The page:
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Historic New England
The Witch House (also called the Jonathan Corwin House), was the home of Judge Jonathan Corwin and is the only structure still standing in Salem, Massachusetts with direct ties to the Salem witch trials of 1692. The house was bought by Judge Corwin in 1675, when he was 24 years old, and he lived there for more than forty years. Corwin is buried in the nearby Broad Street Cemetery. The house remained in the Corwin family until the mid-19th century. The Witch House is located at 310 Essex Street, at the cross streets of North & Summer in the Chestnut Street District of Salem.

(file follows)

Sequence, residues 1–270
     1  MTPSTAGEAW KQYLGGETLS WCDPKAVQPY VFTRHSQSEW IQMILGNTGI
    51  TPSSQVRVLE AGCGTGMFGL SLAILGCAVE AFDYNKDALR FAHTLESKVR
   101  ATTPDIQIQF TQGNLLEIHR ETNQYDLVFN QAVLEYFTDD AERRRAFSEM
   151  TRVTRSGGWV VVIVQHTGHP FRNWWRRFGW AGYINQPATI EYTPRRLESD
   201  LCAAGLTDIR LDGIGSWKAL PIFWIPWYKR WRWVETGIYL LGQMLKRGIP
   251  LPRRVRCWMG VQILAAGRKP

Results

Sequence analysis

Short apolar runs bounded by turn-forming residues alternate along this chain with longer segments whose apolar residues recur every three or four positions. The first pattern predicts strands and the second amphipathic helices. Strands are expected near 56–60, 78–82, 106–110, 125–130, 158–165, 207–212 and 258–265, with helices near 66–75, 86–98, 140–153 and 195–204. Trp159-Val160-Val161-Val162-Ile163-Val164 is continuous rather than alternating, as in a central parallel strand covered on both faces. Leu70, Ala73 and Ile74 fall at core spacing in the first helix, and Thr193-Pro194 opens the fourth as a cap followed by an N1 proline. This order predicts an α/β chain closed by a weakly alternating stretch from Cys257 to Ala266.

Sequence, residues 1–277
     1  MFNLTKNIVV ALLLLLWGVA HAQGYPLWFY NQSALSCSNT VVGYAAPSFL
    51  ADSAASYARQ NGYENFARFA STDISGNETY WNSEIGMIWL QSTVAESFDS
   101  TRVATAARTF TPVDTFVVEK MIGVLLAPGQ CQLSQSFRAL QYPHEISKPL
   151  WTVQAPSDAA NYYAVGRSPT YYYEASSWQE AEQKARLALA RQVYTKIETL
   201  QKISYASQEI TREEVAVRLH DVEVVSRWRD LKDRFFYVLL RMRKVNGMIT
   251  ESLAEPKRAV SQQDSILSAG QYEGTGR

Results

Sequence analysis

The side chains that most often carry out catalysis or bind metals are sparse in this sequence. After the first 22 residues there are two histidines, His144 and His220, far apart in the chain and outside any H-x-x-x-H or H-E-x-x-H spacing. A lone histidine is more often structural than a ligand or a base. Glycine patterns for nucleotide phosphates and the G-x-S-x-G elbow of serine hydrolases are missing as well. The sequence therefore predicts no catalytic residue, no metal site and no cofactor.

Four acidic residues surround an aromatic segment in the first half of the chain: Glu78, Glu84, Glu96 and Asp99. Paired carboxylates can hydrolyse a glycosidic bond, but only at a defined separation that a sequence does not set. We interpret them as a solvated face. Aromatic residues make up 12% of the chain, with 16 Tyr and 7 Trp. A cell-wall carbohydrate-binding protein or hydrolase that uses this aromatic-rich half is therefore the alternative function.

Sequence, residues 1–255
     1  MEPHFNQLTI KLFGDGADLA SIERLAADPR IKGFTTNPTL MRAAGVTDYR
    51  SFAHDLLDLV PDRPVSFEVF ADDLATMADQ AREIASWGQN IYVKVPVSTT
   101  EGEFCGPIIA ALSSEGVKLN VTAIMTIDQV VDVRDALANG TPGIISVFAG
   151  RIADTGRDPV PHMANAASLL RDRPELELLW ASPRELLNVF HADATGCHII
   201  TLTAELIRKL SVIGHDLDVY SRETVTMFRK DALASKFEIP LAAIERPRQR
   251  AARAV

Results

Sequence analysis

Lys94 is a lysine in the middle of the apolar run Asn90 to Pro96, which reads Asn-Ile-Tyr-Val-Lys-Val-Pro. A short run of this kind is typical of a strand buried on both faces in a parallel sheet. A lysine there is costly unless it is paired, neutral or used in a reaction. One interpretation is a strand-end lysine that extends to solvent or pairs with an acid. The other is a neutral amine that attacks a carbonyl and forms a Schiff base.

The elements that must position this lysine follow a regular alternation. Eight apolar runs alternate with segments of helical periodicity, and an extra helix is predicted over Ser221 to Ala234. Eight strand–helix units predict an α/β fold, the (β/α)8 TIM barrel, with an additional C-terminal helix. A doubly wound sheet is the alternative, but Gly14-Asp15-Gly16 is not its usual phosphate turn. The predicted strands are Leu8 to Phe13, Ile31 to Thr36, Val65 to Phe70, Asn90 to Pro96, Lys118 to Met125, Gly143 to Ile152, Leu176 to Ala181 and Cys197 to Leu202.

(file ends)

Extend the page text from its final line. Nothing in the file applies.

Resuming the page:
As a local magistrate and civic leader, Corwin was called upon to investigate the claims of diabolical activity when a surge of witchcraft accusations arose in Salem and neighboring communities. He took the place of Judge Nathaniel Saltonstall, who resigned after the execution of Bridget Bishop. Corwin served on the Court of Oyer and Terminer, which ultimately sent nineteen to the gallows. All nineteen refused to admit to witchcraft and maintained their innocence.
June 27th, 2013
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